2019 Higginbotham Corporate Award Dinner Honoree – Morgan Stanley Learn More


Lawyers’ Committee Weighs In On President Obama’s 2015 State of the Union Speech

For Immediate Release January 22, 2015

WASHINGTON, D.C., January 22, 2015 The Lawyers’ Committee for Civil Rights Under Law (Lawyers’ Committee) has been fighting for racial justice and equality for over 50 years since its 1963 founding at the request of President John F. Kennedy.  The Lawyers’ Committee issues the following statement commending President Obama for including some key civil and human rights matters during his Tuesday evening State of the Union address, but stress “as we turn the page”, we must still vigorously work to uplift those communities that still lag behind, particularly the African American community.

President Obama’s report to Congress is an opportunity to address the country’s most pressing issues and his legislative agenda for the year ahead. The Lawyers’ Committee is pleased that the President discussed critical civil and human rights issues including the economy as it relates to jobs and employment, education, voting rights, criminal justice reform, gender equality, and immigration reform.  We agree that progress has been made and appreciate the President’s emphasis on “bolstering middle class families.”  “Still, we know that more needs to be done to equalize the playing field for all Americans,” said Lawyers’ Committee President and Executive Director Barbara Arnwine. To date, although overall unemployment rates have improved, the unemployment rate for African Americans remains in the double digits.  The elimination of this gap must be an ongoing priority.  Further, we continue to urge through both Executive and Congressional action, the elimination of barriers to employment such as discriminatory practices regarding credit and background checks and arrest records.  We strongly believe that for any economic recovery to be effective for all communities, that such barriers cannot be ignored.

President Obama recognized the need to increase access to better paying jobs by seeking to improve job training and eliminating the cost for community colleges.  “This is an excellent proposal that we encourage all states to adopt,” stated Public Policy Director Tanya Clay House.  “Such proactive measures are what this country needs to enable people, regardless of their socio-economic status, to attend college and obtain a quality post-secondary education that can uplift their entire family.”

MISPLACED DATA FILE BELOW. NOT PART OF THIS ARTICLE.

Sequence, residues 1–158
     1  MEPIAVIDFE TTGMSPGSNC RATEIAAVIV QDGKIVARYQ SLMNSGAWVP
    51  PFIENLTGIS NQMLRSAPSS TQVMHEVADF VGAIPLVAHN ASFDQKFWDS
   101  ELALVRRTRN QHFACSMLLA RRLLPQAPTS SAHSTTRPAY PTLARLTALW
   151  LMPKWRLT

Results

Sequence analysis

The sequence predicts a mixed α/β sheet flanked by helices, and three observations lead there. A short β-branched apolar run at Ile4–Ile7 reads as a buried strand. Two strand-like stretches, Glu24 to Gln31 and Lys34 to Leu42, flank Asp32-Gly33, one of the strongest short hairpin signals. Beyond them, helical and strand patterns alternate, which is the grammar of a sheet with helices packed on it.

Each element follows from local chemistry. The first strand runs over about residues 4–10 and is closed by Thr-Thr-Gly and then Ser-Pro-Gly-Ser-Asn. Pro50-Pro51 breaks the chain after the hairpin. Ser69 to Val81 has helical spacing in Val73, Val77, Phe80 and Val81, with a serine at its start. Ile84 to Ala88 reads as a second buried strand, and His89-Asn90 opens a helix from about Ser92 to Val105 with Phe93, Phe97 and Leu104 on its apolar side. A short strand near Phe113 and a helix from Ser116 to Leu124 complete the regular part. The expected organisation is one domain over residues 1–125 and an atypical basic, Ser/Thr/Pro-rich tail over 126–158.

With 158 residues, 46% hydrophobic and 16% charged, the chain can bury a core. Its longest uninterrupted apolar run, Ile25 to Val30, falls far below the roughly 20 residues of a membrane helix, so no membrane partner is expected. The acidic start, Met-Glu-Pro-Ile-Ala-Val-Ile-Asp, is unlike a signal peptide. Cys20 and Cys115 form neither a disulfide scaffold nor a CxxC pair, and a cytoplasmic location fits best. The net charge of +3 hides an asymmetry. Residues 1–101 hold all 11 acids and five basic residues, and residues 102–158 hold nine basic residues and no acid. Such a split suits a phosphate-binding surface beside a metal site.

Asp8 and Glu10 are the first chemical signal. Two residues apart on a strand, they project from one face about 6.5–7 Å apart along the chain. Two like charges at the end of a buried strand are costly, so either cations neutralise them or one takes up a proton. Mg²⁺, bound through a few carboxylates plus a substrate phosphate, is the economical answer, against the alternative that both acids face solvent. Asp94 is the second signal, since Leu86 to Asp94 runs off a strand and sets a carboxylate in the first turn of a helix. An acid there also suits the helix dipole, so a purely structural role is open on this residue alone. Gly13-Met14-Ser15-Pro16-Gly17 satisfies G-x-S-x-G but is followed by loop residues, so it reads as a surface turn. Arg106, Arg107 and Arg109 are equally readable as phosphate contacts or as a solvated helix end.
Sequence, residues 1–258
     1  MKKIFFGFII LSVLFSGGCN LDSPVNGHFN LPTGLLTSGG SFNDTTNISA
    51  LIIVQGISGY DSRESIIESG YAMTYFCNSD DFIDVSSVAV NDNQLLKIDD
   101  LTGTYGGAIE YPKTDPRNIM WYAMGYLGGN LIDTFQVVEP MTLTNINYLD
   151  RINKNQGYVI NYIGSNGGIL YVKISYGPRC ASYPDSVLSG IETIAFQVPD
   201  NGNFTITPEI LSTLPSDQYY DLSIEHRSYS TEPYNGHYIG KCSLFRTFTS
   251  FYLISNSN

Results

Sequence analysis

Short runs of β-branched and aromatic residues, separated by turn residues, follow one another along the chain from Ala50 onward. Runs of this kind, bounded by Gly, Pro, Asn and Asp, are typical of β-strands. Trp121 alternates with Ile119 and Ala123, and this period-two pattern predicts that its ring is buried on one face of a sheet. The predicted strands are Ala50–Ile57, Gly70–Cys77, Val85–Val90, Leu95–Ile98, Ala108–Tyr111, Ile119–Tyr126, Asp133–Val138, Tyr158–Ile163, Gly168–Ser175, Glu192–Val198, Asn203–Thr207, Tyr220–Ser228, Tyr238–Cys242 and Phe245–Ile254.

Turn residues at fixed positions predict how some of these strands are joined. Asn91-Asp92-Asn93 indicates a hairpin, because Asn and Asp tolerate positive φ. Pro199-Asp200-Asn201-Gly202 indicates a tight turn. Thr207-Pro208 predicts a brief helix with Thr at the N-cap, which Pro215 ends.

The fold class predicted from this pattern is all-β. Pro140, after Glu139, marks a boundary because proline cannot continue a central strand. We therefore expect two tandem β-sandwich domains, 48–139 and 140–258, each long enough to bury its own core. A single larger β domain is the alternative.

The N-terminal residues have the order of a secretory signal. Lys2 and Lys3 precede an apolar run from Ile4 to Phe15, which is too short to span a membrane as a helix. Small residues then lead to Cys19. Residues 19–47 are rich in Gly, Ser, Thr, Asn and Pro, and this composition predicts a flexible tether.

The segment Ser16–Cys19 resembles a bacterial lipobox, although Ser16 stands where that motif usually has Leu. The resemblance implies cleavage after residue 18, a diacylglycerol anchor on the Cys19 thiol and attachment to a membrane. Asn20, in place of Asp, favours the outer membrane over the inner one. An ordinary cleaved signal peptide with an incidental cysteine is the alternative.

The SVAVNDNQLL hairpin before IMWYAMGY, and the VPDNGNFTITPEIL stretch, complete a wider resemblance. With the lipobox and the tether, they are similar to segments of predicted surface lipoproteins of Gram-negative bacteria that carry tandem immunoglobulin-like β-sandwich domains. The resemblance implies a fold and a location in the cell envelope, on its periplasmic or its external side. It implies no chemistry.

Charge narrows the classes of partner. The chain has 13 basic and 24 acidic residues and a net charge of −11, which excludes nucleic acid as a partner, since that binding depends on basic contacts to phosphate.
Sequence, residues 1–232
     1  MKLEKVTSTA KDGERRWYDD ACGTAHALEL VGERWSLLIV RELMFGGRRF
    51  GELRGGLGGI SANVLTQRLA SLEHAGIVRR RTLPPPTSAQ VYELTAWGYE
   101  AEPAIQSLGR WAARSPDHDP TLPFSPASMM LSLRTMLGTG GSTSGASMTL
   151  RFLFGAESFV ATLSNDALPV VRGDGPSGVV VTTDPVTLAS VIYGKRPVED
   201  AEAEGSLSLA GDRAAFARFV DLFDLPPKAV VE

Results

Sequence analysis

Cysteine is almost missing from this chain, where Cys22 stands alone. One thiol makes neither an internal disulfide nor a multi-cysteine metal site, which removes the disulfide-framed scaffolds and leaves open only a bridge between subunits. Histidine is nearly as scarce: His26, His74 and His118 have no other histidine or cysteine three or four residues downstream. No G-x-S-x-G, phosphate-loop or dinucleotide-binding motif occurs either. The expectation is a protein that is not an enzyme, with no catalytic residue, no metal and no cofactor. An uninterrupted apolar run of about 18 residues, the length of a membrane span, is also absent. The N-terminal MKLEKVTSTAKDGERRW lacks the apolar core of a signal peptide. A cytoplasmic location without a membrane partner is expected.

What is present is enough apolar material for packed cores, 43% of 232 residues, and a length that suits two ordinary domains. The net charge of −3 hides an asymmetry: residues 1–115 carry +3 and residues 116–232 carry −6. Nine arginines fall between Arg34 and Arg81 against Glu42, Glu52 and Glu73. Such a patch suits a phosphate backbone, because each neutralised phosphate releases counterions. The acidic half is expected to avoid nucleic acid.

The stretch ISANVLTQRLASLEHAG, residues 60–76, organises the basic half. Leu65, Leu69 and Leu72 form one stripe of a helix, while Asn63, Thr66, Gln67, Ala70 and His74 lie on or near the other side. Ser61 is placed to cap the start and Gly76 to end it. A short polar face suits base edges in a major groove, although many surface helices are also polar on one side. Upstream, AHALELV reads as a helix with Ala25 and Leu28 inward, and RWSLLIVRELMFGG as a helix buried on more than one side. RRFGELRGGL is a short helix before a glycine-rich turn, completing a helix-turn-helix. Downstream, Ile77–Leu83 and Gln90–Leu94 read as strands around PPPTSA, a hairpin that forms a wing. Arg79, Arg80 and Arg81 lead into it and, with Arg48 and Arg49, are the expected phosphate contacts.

As President Obama noted, as we approach the 50th Anniversary of the Voting Rights Act and the 50th anniversary of the march on Selma, we need to “to make voting easier for every single American.”  It is imperative that members of Congress make this a priority by passing the Voting Rights Amendment Act, which would restore the full protections of the Voting Rights Act. 50 years later, voting should not be this hard.

As evidenced by the tragedies in Ferguson, New York, Ohio and cities nationwide, this past year has been a tumultuous year for race in America as unarmed black men, women and youth continue to be killed or brutalized by police officers. The situations in Ferguson and other cities across America have brought to light, yet again, the inequality that exists in this nation. In particular, the severe disparities in our broken criminal justice system have created serious obstacles for African Americans in our country. For example, African Americans are incarcerated nearly six times more than whites. Nationwide, African-Americans represent 58% of the youth admitted to state prisons.The creation of the White House task force on 21st Century Policing Reform is a positive first step toward dealing with the problems in our policing structure, but of course Congressional action is still needed to make long term systemic reform.   I look forward to the President speaking more forcefully about the need to combat these issues in future speeches” noted Ms. Arnwine. 

Until we confront and address the systemic structures that maintain the old vestiges of racial segregation and de-humanization in this country we will not be able to realize a truly just and equal society. The Lawyers’ Committee looks forward to working with Congress and President Obama in working to create fair and just legislation and reforms to ensure that each American has equal access to opportunity in our society.

About The Lawyers' Committee for Civil Rights Under Law
The Lawyers' Committee, a nonpartisan, nonprofit organization, was formed in 1963 at the request of President John F. Kennedy to involve the private bar in providing legal services to address racial discrimination. The Lawyers' Committee celebrated its 50th anniversary in 2013 as it continued its quest of "Moving America Toward Justice." The principal mission of the Lawyers' Committee is to secure, through the rule of law, equal justice under law, particularly in the areas of fair housing and fair lending, community development, employment, voting, education and environmental justice.

For more information about the Lawyers' Committee, visit www.lawyerscommittee.org.

Web Design by Materiell